The Lost Connection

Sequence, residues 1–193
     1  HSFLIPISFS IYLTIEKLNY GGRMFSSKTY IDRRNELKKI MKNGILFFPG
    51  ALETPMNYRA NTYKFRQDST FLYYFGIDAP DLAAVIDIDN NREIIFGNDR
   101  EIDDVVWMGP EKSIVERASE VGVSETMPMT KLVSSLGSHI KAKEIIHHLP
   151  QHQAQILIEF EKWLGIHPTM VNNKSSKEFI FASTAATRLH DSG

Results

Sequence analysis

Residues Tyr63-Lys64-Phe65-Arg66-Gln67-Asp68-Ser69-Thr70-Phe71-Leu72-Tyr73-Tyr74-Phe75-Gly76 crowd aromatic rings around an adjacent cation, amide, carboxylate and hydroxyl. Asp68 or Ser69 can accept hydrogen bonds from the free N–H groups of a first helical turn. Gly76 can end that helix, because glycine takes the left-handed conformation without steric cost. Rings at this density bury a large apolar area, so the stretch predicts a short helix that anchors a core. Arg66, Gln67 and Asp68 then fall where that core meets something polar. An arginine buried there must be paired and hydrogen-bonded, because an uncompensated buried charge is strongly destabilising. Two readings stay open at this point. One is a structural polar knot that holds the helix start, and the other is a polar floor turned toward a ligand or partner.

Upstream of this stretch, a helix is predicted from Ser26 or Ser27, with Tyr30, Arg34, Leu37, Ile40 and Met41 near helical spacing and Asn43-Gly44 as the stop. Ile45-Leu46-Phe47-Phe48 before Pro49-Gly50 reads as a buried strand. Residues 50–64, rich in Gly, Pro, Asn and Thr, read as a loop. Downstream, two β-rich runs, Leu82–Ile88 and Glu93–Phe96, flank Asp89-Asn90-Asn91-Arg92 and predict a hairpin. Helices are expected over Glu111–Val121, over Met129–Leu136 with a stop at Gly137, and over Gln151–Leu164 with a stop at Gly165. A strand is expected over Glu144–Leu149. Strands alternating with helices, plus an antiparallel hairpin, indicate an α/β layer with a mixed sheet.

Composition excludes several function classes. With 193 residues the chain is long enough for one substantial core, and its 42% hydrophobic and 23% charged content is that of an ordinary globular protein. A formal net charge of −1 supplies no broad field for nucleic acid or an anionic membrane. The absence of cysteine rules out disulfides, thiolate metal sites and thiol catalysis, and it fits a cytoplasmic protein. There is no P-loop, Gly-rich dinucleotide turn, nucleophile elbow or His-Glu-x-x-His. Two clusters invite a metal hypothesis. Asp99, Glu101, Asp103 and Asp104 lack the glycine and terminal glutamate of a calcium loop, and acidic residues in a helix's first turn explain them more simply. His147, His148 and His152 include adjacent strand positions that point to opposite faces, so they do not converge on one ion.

Prior to the digital darkroom revolution, photography was more of an art form. Photographers worked with chemicals and papers, and had specialized rooms, dark rooms, which allowed them to control light. They knew exactly which combinations of light, chemicals, and development time achieved a specific goal. They were closer to their art form, exposing their creations by hand in a specialized, tactile way that involved their skill of touch. Yet, as digital single lens reflex cameras (DSLR) and digital editing software advanced, these skills were essentially forgotten since they were not required in this new digital world. As a result, the photographer and artist, though able to achieve things in a faster and even more experimental, technical way, began to lose the intimacy that creative works so often demand. This so called, “lost connection” between the creator and creation was largely unrecognized in the early days of the digital revolution, as the industry began winning the consumer and professional over with more innovation.